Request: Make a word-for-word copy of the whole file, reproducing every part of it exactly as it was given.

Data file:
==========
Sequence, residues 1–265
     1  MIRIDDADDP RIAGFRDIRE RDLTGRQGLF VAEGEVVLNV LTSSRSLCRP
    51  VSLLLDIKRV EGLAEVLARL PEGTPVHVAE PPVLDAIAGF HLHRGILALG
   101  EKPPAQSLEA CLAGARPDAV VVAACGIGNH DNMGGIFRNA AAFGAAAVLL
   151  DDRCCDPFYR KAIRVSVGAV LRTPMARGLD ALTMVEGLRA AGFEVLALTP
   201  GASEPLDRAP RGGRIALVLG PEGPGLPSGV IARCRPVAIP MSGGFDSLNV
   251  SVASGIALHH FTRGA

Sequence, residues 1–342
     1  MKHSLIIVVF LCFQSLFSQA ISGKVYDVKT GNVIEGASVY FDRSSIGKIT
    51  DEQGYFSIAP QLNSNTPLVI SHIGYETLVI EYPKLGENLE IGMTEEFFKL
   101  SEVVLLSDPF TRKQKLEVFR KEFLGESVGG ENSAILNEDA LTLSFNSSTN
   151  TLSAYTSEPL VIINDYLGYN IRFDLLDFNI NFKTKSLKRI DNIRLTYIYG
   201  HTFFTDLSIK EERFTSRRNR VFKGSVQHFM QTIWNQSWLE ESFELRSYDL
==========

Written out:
Sequence, residues 1–265
     1  MIRIDDADDP RIAGFRDIRE RDLTGRQGLF VAEGEVVLNV LTSSRSLCRP
    51  VSLLLDIKRV EGLAEVLARL PEGTPVHVAE PPVLDAIAGF HLHRGILALG
   101  EKPPAQSLEA CLAGARPDAV VVAACGIGNH DNMGGIFRNA AAFGAAAVLL
   151  DDRCCDPFYR KAIRVSVGAV LRTPMARGLD ALTMVEGLRA AGFEVLALTP
   201  GASEPLDRAP RGGRIALVLG PEGPGLPSGV IARCRPVAIP MSGGFDSLNV
   251  SVASGIALHH FTRGA

Sequence, residues 1–342
     1  MKHSLIIVVF LCFQSLFSQA ISGKVYDVKT GNVIEGASVY FDRSSIGKIT
    51  DEQGYFSIAP QLNSNTPLVI SHIGYETLVI EYPKLGENLE IGMTEEFFKL
   101  SEVVLLSDPF TRKQKLEVFR KEFLGESVGG ENSAILNEDA LTLSFNSSTN
   151  TLSAYTSEPL VIINDYLGYN IRFDLLDFNI NFKTKSLKRI DNIRLTYIYG
   201  HTFFTDLSIK EERFTSRRNR VFKGSVQHFM QTIWNQSWLE ESFELRSYDL